121, 129, or 135. A pilot holding a sport pilot certificate
may perform preventive maintenance on an aircraft owned
or operated by that pilot if that aircraft is issued a special
airworthiness certificate in the LSA category. (Sport pilots
operating LSA should refer to 14 CFR part 65 for maintenance
privileges.) 14 CFR part 43, appendix A, contains a list of the
operations that are considered to be preventive maintenance.

Repairs and Alterations
Repairs and alterations are classified as either major or minor.
14 CFR part 43, appendix A, describes the alterations and
repairs considered major. Major repairs or alterations shall
be approved for return to service on FAA Form 337, Major
Repair and Alteration, by an appropriately rated certificated
repair station, an FAA-certificated A&P mechanic holding
an IA, or a representative of the Administrator. Minor repairs
and minor alterations may be approved for return to service
with a proper entry in the maintenance records by an FAA certificated A&P mechanic or an appropriately certificated
repair station.

For modifications of experimental aircraft, refer to the
operating limitations issued to that aircraft. Modifications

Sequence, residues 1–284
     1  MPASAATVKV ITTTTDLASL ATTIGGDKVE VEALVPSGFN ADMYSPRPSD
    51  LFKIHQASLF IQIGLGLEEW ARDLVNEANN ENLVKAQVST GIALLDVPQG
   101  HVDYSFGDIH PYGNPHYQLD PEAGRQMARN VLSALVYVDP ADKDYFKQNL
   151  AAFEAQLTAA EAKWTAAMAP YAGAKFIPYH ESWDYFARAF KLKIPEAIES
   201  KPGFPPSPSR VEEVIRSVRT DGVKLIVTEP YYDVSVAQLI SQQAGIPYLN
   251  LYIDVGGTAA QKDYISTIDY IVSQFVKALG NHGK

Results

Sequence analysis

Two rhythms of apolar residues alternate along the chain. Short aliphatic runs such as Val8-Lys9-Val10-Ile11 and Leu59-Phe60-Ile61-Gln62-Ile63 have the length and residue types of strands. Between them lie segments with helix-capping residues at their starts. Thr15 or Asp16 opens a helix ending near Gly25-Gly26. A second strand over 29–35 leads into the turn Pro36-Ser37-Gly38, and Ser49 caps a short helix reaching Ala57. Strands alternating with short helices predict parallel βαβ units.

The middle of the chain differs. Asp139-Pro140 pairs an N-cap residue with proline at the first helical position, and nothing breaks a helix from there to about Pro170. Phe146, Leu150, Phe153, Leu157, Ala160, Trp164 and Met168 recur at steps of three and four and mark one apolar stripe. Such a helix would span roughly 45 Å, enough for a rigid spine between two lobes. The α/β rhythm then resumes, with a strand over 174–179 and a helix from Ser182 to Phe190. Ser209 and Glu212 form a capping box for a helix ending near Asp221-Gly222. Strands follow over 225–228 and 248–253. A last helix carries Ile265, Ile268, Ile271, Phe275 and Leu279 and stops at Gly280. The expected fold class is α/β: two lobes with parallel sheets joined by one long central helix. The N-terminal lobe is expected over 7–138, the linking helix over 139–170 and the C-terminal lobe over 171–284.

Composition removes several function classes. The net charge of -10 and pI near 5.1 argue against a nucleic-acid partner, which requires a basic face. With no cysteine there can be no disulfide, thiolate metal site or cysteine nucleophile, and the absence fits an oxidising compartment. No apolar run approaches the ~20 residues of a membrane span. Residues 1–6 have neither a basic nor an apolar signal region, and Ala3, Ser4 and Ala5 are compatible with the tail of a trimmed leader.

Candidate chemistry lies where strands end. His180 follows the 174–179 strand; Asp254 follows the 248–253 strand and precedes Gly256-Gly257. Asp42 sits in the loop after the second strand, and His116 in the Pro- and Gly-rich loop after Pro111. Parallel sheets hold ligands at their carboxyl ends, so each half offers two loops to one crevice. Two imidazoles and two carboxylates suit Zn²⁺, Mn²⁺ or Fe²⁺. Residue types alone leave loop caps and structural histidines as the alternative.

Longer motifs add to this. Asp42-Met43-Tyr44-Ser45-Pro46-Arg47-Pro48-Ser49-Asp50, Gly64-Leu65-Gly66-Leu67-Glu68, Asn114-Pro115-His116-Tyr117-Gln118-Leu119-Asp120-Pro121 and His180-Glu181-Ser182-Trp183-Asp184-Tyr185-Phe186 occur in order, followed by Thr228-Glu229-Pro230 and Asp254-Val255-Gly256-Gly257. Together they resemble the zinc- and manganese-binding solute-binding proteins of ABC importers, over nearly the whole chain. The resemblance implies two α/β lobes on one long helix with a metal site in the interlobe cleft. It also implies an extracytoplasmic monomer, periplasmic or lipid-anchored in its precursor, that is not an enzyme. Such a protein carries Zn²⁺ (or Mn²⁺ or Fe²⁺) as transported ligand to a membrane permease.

in accordance with FAA Order 8130.2, Airworthiness
Certification of Aircraft and Related Products, may require
the notification of the issuing authority.

Special Flight Permits
A special flight permit is a Special Airworthiness Certificate
authorizing operation of an aircraft that does not currently
meet applicable airworthiness requirements but is safe
for a specific flight. Before the permit is issued, an FAA
inspector may personally inspect the aircraft, or require it
to be inspected by an FAA-certificated A&P mechanic or an
appropriately certificated repair station to determine its safety
for the intended flight. The inspection shall be recorded in
the aircraft records.

The special flight permit is issued to allow the aircraft to be
flown to a base where repairs, alterations, or maintenance
can be performed; for delivering or exporting the aircraft; or